Oldest star in the Milky Way galaxy with planetary system identified

Milky Way: 1.6 million year time-lapse revealed

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British astronomers have identified the oldest star in the Milky Way with a confirmed planetary system around it, born more that ten billion years ago. The team of scientists led by the University of Warwick published their findings today in the Monthly Notices of the Royal Astronomical Society, in respect of their study of a faint white dwarf 90 light years from Earth, as well as the remains of its orbiting planetary system.

A white dwarf is a star which has burned up all of its fuel and shed its outer layers and is now undergoing a process of shrinking and cooling.

Billions of years in the future, the Sun itself will one day suffer such a fate.

During the process of a white dwarf’s collapse, any orbiting planets will be disrupted and in some cases destroyed, with their debris left to accrete onto the surface of the decaying star.

The team modelled two unusual white dwarfs spotted by the European Space Agency’s Global Astrometric Interferometer for Astrophysics (GAIA) space observatory.

Both were polluted by planetary debris, with one of them being found to be unusually blue, while the other is the faintest and reddest found to date in the local galactic neighbourhood.

Using complex instruments at the European Southern Observatory, the scientists concluding the ‘red’ star WDJ2147-4035 was about 10.7 billion years old, of which 10.2 billion years has been spent cooling as a white dwarf.

Debris found in the otherwise nearly pure-helium and high-gravity atmosphere was found to be from an old planetary system which had survived the evolution of the star into a white dwarf, leading the astronomers to conclude that this was the oldest planetary system around a white dwarf yet discovered in the Milky Way.

The second ‘blue’ star, WDJ1922+0233, was only slightly younger than WDJ2147-4035 and was polluted by planetary debris of a similar composition to the Earth’s continental crust.

Lead author Abbigail Elms, a PhD student in the University of Warwick Department of Physics, said: “These metal-polluted stars show that Earth isn’t unique, there are other planetary systems out there with planetary bodies similar to the Earth.”

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Some 97 percent of all stars would become white dwarfs, and their sheer ubiquitousness meant they were very important to understand, she stressed.

Ms Elms added: “Formed from the oldest stars in our galaxy, cool white dwarfs provide information on the formation and evolution of planetary systems around the oldest stars in the Milky Way.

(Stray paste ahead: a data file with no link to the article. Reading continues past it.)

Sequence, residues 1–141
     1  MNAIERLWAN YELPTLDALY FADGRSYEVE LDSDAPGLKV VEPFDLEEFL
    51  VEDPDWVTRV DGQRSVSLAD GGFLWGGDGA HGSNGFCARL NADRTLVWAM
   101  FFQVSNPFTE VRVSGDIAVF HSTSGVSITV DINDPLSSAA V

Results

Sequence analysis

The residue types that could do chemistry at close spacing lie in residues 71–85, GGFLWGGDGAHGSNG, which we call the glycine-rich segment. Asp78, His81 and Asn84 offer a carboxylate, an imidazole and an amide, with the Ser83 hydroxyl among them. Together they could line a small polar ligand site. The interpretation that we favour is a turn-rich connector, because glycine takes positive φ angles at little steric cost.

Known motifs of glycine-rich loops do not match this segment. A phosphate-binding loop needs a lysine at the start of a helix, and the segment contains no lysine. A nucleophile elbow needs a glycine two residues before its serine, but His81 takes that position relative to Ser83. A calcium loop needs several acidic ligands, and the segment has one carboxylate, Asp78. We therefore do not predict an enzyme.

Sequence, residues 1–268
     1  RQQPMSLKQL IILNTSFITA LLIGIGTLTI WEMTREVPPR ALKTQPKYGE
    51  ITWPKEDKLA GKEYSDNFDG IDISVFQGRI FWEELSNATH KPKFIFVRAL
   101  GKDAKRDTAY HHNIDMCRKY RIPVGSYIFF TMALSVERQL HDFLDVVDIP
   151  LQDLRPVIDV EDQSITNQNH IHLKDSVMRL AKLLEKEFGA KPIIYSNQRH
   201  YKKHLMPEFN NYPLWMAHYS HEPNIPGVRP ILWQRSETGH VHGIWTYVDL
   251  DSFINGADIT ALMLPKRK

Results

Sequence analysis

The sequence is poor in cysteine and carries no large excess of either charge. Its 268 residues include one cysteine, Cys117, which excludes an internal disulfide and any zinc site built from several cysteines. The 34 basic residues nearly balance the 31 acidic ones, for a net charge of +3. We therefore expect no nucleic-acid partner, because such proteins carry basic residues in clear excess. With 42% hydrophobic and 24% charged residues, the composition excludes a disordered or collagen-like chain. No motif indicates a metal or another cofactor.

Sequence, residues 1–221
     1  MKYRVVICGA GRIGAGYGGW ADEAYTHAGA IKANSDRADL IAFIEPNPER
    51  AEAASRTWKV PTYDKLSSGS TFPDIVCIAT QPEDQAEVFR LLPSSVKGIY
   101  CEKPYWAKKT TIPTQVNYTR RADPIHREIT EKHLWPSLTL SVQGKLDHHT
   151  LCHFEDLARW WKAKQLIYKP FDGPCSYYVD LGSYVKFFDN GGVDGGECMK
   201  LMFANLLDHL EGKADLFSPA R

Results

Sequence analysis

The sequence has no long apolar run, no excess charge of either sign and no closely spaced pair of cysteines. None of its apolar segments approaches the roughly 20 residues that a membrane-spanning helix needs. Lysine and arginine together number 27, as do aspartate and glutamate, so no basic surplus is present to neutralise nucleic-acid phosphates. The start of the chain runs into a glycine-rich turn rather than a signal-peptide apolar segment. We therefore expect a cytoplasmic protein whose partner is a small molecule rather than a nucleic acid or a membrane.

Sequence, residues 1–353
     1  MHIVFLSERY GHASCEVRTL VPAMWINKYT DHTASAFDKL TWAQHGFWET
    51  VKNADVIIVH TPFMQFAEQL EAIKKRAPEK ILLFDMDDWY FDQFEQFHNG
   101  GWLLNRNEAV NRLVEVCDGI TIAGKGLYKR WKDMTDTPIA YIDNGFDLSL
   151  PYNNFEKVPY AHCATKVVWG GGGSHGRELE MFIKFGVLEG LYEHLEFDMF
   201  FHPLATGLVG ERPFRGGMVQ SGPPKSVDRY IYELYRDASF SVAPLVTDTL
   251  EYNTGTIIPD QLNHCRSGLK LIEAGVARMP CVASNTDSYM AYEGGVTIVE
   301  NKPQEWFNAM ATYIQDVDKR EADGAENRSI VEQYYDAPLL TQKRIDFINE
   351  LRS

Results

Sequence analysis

“We’re finding the oldest stellar remnants in the Milky Way that are polluted by once Earth-like planets.

“It’s amazing to think that this happened on the scale of ten billion years, and that those planets died way before the Earth was even formed.”

Astronomers are also able to use the star’s spectra to work out how rapidly the metals which had been identified were sinking into the star’s core, thus permitting them to look back in time and determine how abundant each of those metals were in the original planetary body.

By comparing those abundances to planetary material found in the Earth’s own solar system, it was possible to estimate what those planets would have been like before the star died and became a white dwarf – although in the case of WDJ2147-4035, it has proven challenging.

Ms Elms explained: “The red star WDJ2147-4035 is a mystery as the accreted planetary debris are very lithium and potassium rich and unlike anything known in our own solar system.

“This is a very interesting white dwarf as its ultra-cool surface temperature, the metals polluting it, its old age, and the fact that it is magnetic, makes it extremely rare.”

Professor Pier-Emmanuel Tremblay of the Department of Physics at the University of Warwick said: “When these old stars formed more than 10 billion years ago, the universe was less metal-rich than it is now, since metals are formed in evolved stars and gigantic stellar explosions.

“The two observed white dwarfs provide an exciting window into planetary formation in a metal poor and gas-rich environment that was different to the conditions when the solar system was formed.”

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